The addition of low-dose voclosporin to standard therapy led to significantly greater remission but a higher incidence of adverse events in systemic lupus erythematosus (SLE) patients with active lupus nephritis, according to a Phase 2 clinical trial.
Findings from the trial were published in the study, “A randomized, controlled double-blind study comparing the efficacy and safety of dose-ranging voclosporin with placebo in achieving remission in patients with active lupus nephritis,” in the journal Kidney International.
Lupus nephritis is a type of kidney inflammation and is one of the most frequent and severe manifestations of SLE.
Compounds that inhibit a protein called calcineurin are used to prevent kidney transplant rejection by blocking the activation of immune T-cells. They are also believed to improve kidney responses in lupus patients.
In fact, a regimen including the calcineurin inhibitor (CNI) tacrolimus, the immunosuppressant mycophenolate mofetil, and corticosteroids increased the rate of complete renal remission in lupus nephritis patients in a randomized trial in China.
Voclosporin is a next-generation CNI intended to treat systemic, pulmonary, and dermatological autoimmune disorders. The compound, developed by Aurinia Pharmaceuticals, has shown greater potency and faster elimination of byproducts than cyclosporine A, also a CNI, as well as better dosing and tolerability than tacrolimus.
Thus, researchers developed a Phase 2 trial, called AURA-LV (NCT02141672), to determine if adding voclosporin to mycophenolate mofetil and a low dose of corticosteroids was safe and effective as a first-line treatment for lupus nephritis patients.
The study included 265 patients from 20 countries, who randomly received either a placebo, low-dose voclosporin (23.7 mg twice a day), or high-dose voclosporin (39.5 mg twice daily).
The 48 weeks of treatment were completed by 79.5% of patients in the placebo group 82% in the low-dose group, and 90.9% in the high-dose group. At 24 weeks, more patients receiving the low-dose voclosporin had achieved complete renal remission (32.6%) than those in the high-dose group (19.3%) or the placebo group (27.3%).
Both voclosporin doses enabled more rapid complete remission than placebo and earlier partial remissions — defined by a 50% or greater decrease in urine protein to creatinine ratio (UPCR) from initial values. Creatinine is an indicator of kidney function.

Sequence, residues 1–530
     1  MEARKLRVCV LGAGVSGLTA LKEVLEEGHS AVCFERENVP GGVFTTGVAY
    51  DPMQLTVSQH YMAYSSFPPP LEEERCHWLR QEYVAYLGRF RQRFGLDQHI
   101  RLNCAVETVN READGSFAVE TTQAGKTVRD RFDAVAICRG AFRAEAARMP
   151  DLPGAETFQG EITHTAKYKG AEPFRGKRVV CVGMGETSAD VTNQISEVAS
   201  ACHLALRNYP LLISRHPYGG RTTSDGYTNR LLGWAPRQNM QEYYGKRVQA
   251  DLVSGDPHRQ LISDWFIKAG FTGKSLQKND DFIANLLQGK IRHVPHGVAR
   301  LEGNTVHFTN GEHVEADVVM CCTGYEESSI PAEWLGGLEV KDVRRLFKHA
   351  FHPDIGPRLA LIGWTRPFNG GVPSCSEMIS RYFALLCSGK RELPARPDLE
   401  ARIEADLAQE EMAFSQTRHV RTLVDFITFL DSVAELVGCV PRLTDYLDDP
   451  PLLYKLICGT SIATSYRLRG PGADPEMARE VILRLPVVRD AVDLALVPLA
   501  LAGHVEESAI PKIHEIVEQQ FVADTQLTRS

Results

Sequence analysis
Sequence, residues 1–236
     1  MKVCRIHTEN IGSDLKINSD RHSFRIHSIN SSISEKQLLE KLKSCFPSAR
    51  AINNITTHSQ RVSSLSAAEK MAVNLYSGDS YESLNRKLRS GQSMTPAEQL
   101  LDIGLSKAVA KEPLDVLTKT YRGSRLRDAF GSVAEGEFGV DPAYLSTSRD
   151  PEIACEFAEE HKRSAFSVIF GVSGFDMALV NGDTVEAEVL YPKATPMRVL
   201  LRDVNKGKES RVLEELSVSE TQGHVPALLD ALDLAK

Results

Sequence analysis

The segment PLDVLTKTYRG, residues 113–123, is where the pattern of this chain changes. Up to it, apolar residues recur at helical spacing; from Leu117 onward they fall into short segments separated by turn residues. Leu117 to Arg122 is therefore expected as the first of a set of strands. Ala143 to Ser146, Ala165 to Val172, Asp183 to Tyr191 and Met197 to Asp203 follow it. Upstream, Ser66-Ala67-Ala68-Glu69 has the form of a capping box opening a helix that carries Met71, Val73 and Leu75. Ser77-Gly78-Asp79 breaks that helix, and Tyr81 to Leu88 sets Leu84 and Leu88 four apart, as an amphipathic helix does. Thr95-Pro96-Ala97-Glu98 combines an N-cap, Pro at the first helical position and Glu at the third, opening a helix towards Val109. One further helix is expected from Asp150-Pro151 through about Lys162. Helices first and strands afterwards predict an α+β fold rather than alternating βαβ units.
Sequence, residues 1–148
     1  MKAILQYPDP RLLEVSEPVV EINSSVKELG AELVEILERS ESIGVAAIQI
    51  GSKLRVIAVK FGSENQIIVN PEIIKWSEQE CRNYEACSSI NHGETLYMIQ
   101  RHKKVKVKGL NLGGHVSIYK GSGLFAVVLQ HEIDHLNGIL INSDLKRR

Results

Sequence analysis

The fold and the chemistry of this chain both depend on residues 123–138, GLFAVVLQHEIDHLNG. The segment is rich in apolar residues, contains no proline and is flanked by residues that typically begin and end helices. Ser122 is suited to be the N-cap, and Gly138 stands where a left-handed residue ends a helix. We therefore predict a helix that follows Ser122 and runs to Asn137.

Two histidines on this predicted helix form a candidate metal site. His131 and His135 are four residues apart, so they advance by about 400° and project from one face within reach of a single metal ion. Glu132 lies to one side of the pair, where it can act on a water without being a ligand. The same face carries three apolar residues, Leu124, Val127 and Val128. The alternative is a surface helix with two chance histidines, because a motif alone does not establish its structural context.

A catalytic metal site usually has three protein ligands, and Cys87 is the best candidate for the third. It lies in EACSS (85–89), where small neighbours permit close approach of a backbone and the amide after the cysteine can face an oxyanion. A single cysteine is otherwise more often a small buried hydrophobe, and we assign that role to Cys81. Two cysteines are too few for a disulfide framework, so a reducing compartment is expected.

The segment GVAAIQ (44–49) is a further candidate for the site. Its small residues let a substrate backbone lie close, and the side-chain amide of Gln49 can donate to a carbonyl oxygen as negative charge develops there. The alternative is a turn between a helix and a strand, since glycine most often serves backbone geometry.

Patients on voclosporin also showed a significant decrease in UPCR and an increase in serum albumin — the most abundant protein in plasma and an indicator of liver function.
Indicators of SLE activity, including antibodies against double-stranded DNA and levels of complement proteins, improved over time in all treatment groups, with significant differences at 24 and 48 weeks in the low-dose group and at 12, 24 and 48 weeks in patients on the high-dose experimental therapy.
A greater improvement in SLE activity was also found in the Safety of Estrogens in Lupus Erythematosus National Assessment-Systemic Lupus Erthematosus Disease Activity Index (SELENA-SLEDAI) scores.
Most adverse events occurred within the first 24 weeks, with the most common being infections and gastrointestinal disorders.
The most frequent treatment-related adverse referred to the need to assess estimated glomerular filtration rate (eGFR) — a kidney function marker — mandated for any change in eGFR greater than 10%.
Patients on high-dose voclosporin had a greater incidence of adverse events and treatment-related adverse events, but serious adverse events — including five cases of acute kidney injury — were found in a greater proportion of patients on low-dose (28.1%) compared with high-dose voclosporin (25.0%) and placebo (15.9%).
Thirteen patients died during the study, 10 of whom were receiving low-dose voclosporin. Nine of these deaths occurred in Bangladesh and Sri Lanka, where two to four fold more patients received low-dose voclosporin than placebo. Three more patients on placebo – none on voclosporin – died during a safety follow-up.
Nine deaths occurred within the first two months of the study, which suggests that careful follow-up is needed early in the course of treatment, according to the researchers.
“Our trial is the first to demonstrate efficacy in a multi-ethnic global cohort, suggesting that CNI-based treatment may be applicable to all patients with [lupus nephritis],” the scientists wrote.
Early positive results of the AURA-LV trial had been reported in 2017. A Phase 3 study, called AURORA (NCT03021499), is ongoing to better determine the benefits of CNIs in patients with lupus nephritis.